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Problems with multiplications of doubles and/or floats

 
 
John Harrison
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      04-15-2004

"J.K. Becker" <(E-Mail Removed)> wrote in message
news:c5lhod$umn$(E-Mail Removed)-mainz.de...
> I can't take the program apart, that would be more work than
> reprograming the part that is not working. There is a reason for me not
> to post the progam here, you know, believe me, if I could I would. I can
> post the function here, but that is not going to help.
> If you insist I will.
>


I'm not insisting on anything, just explaining how this group works. The
regulars here contribute a lot of their time for no recompense. I don't
think any have the time to take on the sort of in depth study that it sounds
like your problem needs.

You might have got lucky with you post and someone have recognised the
problem but you didn't so I guess there is no alternative but some hard work
on your part.

Post the function if you like, you never know it might help. One of the
things I've learned from this group is that posters are often convinced that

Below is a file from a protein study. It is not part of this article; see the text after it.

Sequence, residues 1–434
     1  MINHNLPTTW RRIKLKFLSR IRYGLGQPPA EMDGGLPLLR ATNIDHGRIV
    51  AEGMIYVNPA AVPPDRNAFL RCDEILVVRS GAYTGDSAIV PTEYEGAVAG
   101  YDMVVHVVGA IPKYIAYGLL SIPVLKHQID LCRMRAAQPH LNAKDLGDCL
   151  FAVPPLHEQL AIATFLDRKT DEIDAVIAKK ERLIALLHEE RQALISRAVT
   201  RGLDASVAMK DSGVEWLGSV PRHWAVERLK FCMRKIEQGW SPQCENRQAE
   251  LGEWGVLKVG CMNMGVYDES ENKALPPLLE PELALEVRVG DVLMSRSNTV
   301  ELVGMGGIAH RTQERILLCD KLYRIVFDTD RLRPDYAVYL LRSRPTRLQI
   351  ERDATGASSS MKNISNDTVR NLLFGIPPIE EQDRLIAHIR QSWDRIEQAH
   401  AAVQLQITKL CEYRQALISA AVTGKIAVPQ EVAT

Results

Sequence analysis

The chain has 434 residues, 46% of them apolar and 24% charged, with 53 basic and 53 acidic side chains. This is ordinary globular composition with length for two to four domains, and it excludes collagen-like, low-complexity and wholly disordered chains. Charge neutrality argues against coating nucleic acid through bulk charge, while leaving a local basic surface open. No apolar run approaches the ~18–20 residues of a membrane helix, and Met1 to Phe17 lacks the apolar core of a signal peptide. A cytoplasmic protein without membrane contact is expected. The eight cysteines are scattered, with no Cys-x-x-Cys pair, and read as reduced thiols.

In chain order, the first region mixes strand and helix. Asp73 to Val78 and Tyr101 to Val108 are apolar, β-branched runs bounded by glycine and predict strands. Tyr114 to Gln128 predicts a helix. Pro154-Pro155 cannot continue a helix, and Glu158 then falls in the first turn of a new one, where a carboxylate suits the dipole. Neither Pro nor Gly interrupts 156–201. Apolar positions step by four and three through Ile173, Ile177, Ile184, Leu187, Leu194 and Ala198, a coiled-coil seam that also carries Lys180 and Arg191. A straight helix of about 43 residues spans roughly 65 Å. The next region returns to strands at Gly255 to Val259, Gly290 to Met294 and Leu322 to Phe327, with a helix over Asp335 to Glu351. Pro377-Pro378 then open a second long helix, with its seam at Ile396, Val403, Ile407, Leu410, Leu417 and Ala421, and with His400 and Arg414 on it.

a problem is in some piece of code which they post (even though they don't
know what the problem is) but when after much resistence that are persuaded
to post more code, the problem turns out to have been in some part of the
code they were holding back.

John

BTW top posting is frowned on in this group.


 
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J.K. Becker
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      04-15-2004
John Harrison wrote:
> "J.K. Becker" <(E-Mail Removed)> wrote in message
> news:c5lhod$umn$(E-Mail Removed)-mainz.de...
>
>>I can't take the program apart, that would be more work than
>>reprograming the part that is not working. There is a reason for me not
>>to post the progam here, you know, believe me, if I could I would. I can
>>post the function here, but that is not going to help.
>>If you insist I will.
>>

>
>
> I'm not insisting on anything, just explaining how this group works. The
> regulars here contribute a lot of their time for no recompense. I don't
> think any have the time to take on the sort of in depth study that it sounds
> like your problem needs.
>